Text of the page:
“Low levels of sex hormones are seen in one-third of men with an autoimmune disease – and that’s every autoimmune disease across the board, says Dr. Lahita. In the other two-thirds, there are not low levels of androgens, so the cause is unknown,” he says. Testosterone is protective, at least in men, he notes. We also know that women with lupus metabolize testosterone so rapidly that their levels of the male hormone are low to nonexistent. Lack of testosterone appears to be a key in lupus. So why not give testosterone to people with lupus? We tried it, and it really didn’t work, Dr. Lahita says. The FDA recently rejected approval of prasterone (Prestara), a drug based on a weak form of testosterone, for women with lupus.”
Another article from pub med acknowledging low testosterone and DHEA in Lupus, but also saw no real positive results when giving patients testosterone.
“CONCLUSIONS: Testosterone patches were safe but did not significantly affect disease activity, quality of life or sexual functioning. Increased use of steroids in the placebo group may have confounded the study results.”
I did find one article that was positive about testosterone and DHEA replacement in Lupus.
Interestingly, researchers in animals and humans are reporting that testosterone can reduce the body's inflammatory response. There are reports that the inflammatory states of Crohn's disease, rheumatoid arthritis, diabetes vaculitis and now Lupus erythematosis may improve when treated with anabolic steroids (testosterone, DHEA and human growth hormone). This benefits of anabolic steroid therapy are, therefore, not limited only to men. It now seems that for these diseases, testosterone works well for women too.
Both my DHEA and testosterone levels were low. My DHEA was below detectable levels. DHEA is available over the counter, but I only took DHEA under doctor’s orders. I first tried 25 mg twice a day and noticed an improvement in mood and general outlook. Then they had me try 100 mg a day. I felt a little better than the 50 mg, but my face became very oily and I developed acne.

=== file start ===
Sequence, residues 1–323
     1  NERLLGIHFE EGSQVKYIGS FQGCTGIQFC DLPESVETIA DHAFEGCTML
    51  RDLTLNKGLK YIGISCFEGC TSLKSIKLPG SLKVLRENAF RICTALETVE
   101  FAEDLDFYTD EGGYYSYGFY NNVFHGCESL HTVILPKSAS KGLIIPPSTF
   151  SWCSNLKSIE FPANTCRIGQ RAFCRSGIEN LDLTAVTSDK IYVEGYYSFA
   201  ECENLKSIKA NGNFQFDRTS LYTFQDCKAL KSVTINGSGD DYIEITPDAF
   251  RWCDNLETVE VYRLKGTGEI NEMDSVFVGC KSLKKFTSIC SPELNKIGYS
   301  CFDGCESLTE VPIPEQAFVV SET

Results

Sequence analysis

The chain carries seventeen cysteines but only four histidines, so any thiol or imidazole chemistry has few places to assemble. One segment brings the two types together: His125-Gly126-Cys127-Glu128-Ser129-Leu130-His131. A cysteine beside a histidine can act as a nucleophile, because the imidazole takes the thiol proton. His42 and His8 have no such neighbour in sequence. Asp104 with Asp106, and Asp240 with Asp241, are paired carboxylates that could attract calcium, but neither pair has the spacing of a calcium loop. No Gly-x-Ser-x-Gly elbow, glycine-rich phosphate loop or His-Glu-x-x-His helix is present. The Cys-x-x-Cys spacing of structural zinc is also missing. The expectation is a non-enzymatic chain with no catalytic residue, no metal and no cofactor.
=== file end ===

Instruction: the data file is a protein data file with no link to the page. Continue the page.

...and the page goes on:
Next, I saw an Endocrinologist who specialized in adrenal glands and he said his Addison’s patients (whose bodies can’t make DHEA) do much better with 25 mg of DHEA and 2.5 mg of testosterone in a cream form. So he tried me on the same treatment. I felt the best on the DHEA / testosterone combination and my skin returned to normal. My autoimmune symptoms are adequately controlled by prednisone and Immuran. Even with the prednisone and Imuran, I do have a lingering rash on my knuckles and minor joint pain that will probably never completely go away. The addition of DHEA / testosterone did not improve the rash or joint pain.
I guess I’d have to agree with the researchers that the DHEA / testosterone didn’t have a big impact on my disease course. However, I would disagree with them when they said they saw no benefit. It greatly increased my quality of life by treating my depression without having to take anti-depressants. I think that is huge and worthy of treating the hormone deficiency. While I still have fatigue and the feeling of being weighed down all the time, I do have more energy and stamina. It’s like I’m able to endure the fatigue better and keep going. I used to have to lay down for at least 30 min. a day to make it to the end of the day and now I can keep up with my friends without stopping. I’m still tired at the end of the day, but I feel better since I am able to accomplish more. My husband can tell a dramatic difference in my mood which has made his life better as well. I like to tell people I may still have fatigue and pain, but at least I'm happy about it now!